Moses Matshivha with his 1954 model Morris that he bought 40 years ago.

This 1954 Morris still makes the heads turn


For some people, an old car may sound like a bag of problems and a bit of an embarrassment, but not for Moses Matshivha. This resident of Musina is very proud of his 1954 Morris Minor, and he reckons the vehicle is still as reliable as when it rolled off the factory floor 66 years ago.

When the Morris Minor made its debut in 1948 at the Earls Court motor show in London, it was sure to be a hit among motor enthusiasts. The design was classic, and it came in at a very affordable £382, including taxes. The 918cc engine was not what one would describe as powerful but was powerful enough to propel the car to a claimed top speed of almost 59 mp/h (about 95km/h). When production of these cars stopped in 1972, more than 1,6 million had been manufactured.

Matshivha’s 1954 model is a Series II and originally had an Austin 803cc engine, which was more powerful than the older engine, albeit slightly smaller.  The engine, unfortunately, did not stand the test of time and had to make way for a 1200 Datsun engine. “Apart from the engine modification, everything remains original because I did not want to spoil its originality. I now jokingly call it Morrisun because it is a mixture of the Morris and the Datsun. As a person who loves music, I have also installed a medium-sized sound system to make my trips interesting whenever I travel,” said Matshivha.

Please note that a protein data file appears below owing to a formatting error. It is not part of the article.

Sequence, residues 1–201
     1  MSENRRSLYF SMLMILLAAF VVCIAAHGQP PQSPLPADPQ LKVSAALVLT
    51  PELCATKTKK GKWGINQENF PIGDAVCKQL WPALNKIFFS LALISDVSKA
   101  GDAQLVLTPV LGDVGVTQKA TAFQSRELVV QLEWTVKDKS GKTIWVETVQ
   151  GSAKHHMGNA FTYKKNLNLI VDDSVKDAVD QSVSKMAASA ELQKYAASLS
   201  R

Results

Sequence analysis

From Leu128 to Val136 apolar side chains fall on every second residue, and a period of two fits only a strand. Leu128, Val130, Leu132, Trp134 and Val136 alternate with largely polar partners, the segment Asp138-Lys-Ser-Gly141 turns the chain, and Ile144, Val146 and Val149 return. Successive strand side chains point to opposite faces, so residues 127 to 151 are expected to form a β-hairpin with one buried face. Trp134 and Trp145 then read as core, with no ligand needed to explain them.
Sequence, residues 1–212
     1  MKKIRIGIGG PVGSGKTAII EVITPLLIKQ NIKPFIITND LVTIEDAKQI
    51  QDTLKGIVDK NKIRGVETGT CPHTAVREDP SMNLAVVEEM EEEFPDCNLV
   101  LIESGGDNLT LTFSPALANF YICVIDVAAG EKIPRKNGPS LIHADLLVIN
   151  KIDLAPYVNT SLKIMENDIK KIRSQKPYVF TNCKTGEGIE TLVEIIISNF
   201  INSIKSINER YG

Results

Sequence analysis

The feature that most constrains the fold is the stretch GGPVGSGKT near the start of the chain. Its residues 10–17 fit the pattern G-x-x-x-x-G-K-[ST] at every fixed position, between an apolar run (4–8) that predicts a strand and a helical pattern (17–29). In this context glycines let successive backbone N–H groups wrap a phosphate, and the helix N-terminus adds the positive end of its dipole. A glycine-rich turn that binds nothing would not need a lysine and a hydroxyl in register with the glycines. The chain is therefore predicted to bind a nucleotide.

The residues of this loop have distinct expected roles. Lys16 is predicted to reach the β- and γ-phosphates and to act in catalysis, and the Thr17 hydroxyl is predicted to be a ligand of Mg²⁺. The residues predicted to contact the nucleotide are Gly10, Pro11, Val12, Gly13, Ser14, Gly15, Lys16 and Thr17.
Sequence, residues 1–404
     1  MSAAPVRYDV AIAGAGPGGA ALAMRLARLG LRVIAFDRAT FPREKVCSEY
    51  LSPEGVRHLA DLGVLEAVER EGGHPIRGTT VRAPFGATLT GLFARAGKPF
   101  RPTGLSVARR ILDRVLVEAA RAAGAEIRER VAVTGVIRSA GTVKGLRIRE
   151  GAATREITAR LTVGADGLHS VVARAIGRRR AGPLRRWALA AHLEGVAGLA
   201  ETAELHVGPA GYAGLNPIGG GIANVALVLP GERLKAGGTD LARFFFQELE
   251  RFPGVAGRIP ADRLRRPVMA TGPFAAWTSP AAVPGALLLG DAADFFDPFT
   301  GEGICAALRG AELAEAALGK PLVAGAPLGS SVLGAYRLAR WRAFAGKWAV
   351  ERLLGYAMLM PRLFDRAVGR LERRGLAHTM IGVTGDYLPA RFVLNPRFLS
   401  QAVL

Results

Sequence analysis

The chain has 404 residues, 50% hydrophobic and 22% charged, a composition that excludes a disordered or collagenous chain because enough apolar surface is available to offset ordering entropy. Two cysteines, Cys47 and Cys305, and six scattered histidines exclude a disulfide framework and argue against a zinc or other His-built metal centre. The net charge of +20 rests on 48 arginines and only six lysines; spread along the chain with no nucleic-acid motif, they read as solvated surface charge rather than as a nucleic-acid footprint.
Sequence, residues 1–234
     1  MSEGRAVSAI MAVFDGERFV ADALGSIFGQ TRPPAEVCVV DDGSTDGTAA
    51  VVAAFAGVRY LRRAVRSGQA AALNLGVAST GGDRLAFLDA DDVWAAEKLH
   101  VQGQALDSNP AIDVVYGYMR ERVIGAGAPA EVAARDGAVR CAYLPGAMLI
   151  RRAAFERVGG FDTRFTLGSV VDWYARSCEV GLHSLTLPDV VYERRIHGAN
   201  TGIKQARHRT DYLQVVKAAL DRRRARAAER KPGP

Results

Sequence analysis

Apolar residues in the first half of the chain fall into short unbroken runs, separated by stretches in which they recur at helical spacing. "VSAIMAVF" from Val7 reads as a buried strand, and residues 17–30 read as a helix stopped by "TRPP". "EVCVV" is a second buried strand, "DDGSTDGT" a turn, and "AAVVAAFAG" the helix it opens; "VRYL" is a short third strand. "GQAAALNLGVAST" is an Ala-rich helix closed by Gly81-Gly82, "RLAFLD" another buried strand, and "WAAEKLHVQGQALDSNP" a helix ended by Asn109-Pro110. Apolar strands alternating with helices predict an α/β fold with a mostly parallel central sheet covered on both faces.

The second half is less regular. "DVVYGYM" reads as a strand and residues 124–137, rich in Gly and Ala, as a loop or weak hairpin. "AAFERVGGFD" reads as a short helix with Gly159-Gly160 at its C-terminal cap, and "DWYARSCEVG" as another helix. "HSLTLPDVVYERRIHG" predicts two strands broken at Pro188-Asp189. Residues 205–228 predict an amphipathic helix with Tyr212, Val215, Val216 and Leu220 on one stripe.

He bought the car in 1980 and, after four decades, this is still his vehicle of choice to drive around. He even uses the car on long trips such as going to Johannesburg. “Although I own other, modern cars, this is the one I prefer most because it is very powerful, especially going up hills. I enjoy the hooting and surprised looks from fellow drivers when I overtake their modern cars on highways.”

Matshivha said that he avoided travelling with the car to attend social gatherings such as weddings. “Many people approach me to hire out the car for their public events, but I don’t prefer it. I feel like a part of my body has been removed from me if the car is not around me. I remember one day, 20 years ago, when I travelled with it to a wedding around Thohoyandou. After the church service, the bride and the groom refused to board their hired car and they insisted on travelling with my vintage car to the photo-shooting venue. I had no other alternative but to take them along because I didn’t want to spoil their big day.”

He said another interesting challenge was that when he drove to shopping malls, he would be forced to spend extended time in the parking bays because every shopper wanted a picture with his vintage car. “At times I would tell myself that I would only spend a few minutes at the mall. But when I come out from the shops, I find people converging around my car for pictures. I find it inhumane to leave while people are still enjoying taking pictures around my car. I just humbly request them to be faster because I always have other things to do.”




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Date:07 November 2020 - By: Wilson Dzebu

Wilson Dzebu



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